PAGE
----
Plug pulled on contentious Balintore holiday pods proposal amid community concerns
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THE plug has been pulled on a contentious planning proposal aimed at helping to fund a hall at the heart of an Easter Ross community.
A bid to secure planning permission for five holiday pods and a gym on land adjacent to the Highland Council car park opposite the Seaboard Memorial Hall prompted a local opposition campaign.
It also sparked some social media comments which one local councillor, Alasdair Rhind, branded "abusive and threatening".
A statement issued this afternoon by the directors of the Seaboard Memorial Hall in Balintore addresses the issue and confirms the application is now being pulled.
It reads: " Over the past week there has been a great deal of discussion both in public and across social media in regard to the Planning Application submitted by the Seaboard Memorial Hall with Highland Council to erect five holiday pods and a gym on the land adjacent to the Highland Council car park opposite the Seaboard Memorial Hall.
"The directors are grateful for the support they have received from residents across the Seaboard community in relation to the application. However, they are also aware of the fact that the discussion around the planning application has led to divisions opening within some sections of the community between those supporting and those opposing the application.
"The directors had hoped that by pursuing this application, they would be taking steps to secure an additional funding stream to support the running costs and maintenance of the Seaboard Memorial Hall, as well as future community projects, in the years ahead. "However, the directors do not consider that proceeding with this application is in the best interests of the community if it leads to disharmony within the community, one in which they live and work and volunteer their time.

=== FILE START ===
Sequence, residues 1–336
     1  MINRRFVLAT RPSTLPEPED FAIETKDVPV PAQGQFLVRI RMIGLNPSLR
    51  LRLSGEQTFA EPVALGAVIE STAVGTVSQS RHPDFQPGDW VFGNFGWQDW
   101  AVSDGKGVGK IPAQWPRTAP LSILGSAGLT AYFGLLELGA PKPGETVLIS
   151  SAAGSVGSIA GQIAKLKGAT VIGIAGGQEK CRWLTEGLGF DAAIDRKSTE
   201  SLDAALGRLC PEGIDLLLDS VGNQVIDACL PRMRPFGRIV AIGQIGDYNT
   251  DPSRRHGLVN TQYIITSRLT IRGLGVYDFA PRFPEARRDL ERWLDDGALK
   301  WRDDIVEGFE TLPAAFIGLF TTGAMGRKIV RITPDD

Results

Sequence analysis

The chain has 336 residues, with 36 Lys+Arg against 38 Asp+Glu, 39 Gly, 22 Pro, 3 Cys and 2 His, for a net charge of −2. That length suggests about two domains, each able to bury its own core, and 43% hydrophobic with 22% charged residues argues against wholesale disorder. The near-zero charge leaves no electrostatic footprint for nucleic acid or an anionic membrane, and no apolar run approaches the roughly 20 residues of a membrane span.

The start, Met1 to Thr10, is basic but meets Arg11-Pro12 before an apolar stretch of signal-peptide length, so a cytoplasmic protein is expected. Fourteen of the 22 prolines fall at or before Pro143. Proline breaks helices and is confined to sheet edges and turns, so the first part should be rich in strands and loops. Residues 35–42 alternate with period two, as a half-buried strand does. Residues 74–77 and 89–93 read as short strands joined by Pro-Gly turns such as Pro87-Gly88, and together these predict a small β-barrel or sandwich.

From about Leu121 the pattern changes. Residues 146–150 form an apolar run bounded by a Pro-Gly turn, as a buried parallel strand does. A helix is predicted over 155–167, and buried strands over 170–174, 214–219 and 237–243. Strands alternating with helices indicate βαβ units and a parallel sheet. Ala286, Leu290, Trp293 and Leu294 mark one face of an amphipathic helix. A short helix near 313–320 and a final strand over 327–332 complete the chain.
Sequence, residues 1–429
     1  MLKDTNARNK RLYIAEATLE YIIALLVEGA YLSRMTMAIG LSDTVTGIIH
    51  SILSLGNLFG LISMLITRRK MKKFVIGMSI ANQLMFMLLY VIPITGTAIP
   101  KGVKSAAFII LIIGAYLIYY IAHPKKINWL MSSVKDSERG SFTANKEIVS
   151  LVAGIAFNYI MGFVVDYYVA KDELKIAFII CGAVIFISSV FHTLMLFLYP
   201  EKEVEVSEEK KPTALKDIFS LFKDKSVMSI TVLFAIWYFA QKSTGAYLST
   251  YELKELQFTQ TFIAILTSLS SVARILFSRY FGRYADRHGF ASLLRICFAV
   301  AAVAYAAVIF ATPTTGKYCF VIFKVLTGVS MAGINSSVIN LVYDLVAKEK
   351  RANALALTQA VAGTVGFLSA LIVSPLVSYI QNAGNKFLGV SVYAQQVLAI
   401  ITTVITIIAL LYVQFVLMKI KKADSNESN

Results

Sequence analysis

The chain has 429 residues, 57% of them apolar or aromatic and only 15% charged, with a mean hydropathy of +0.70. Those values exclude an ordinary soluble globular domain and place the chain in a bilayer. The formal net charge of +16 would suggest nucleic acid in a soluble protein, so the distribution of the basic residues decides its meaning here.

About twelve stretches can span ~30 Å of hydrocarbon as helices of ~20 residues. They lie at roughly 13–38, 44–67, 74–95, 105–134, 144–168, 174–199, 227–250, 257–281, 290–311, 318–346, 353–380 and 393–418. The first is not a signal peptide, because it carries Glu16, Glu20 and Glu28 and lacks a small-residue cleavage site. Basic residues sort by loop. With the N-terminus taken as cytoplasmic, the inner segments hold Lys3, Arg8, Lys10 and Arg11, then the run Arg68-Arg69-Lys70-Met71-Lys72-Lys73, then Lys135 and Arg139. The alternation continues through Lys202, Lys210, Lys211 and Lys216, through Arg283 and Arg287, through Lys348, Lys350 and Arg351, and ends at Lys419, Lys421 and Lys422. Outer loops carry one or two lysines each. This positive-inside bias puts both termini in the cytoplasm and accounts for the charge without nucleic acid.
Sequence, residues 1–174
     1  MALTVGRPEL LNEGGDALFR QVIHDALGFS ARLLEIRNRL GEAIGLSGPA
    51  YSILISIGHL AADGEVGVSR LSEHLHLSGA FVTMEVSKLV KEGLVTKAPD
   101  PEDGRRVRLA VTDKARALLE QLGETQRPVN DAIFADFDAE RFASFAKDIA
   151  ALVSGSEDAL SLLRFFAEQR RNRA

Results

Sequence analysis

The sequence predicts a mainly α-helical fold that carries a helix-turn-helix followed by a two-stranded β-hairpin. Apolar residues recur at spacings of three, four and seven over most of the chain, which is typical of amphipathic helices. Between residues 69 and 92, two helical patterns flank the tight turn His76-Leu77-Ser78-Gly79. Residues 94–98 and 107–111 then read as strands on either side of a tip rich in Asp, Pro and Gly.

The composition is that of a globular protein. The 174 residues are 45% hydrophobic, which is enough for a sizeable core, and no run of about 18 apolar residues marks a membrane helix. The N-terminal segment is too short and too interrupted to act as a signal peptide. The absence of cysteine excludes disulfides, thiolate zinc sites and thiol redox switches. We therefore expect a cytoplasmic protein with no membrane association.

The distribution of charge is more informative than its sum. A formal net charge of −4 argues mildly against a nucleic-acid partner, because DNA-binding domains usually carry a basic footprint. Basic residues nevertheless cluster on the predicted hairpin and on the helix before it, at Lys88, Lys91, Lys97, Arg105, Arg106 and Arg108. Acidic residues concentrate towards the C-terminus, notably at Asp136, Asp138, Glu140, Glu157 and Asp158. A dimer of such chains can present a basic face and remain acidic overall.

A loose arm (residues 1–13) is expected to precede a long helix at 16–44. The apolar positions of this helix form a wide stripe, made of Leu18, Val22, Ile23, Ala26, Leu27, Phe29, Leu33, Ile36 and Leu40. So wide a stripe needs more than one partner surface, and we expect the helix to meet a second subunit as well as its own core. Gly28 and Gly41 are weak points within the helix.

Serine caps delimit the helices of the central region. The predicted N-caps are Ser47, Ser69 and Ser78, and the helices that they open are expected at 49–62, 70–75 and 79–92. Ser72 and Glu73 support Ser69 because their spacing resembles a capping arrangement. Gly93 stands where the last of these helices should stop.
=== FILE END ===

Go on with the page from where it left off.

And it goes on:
"In all the circumstances and taking into account the wide range of opinions which have been expressed over the past week or so, the directors have decided that it is in the best interests of the Seaboard community to withdraw the current planning application and have notified Highland Council planning department of their wish to do so.
"Whilst some residents feel that the Seaboard Memorial Hall is the heart of the community we appreciate that others do not. We will endeavour to continue to work hard to ensure that the Seaboard Memorial Hall remains open for the whole community."
The application had been submitted by Seaboard Memorial Hall director, Maureen Ross long before she was elected to a seat on Highland Council following a local by-election which was prompted by the resignation of one of the sitting members.
She won that election with a resounding majority and, in line with protocol, informed Highland Council that her name was on the application and that, as a councillor, she could have nothing to do with any decision-making on it. This is an established practice if councillors have an interest in planning applications.
However she was still subjected to allegations of being "underhanded" and the pods proposal was the subject of a recent public meeting.
She had told the Ross-shire Journal ahead of the latest announcement that the goal was to identify a funding stream for the community hall which could ultimately employ local people. It's understood that energy costs for the hall – a non-profit charitable organisation – have doubled in recent years.
Councillor Alasdair Rhind, who is also a Tain and Easter Ross councillor, said those who had levelled scurrilous accusation via social media "should be ashamed of themselves".
An opposition group, Seaboard Together Opposes Pods (STOP), accused hall directors of failing in their duty to act in the interests of the community.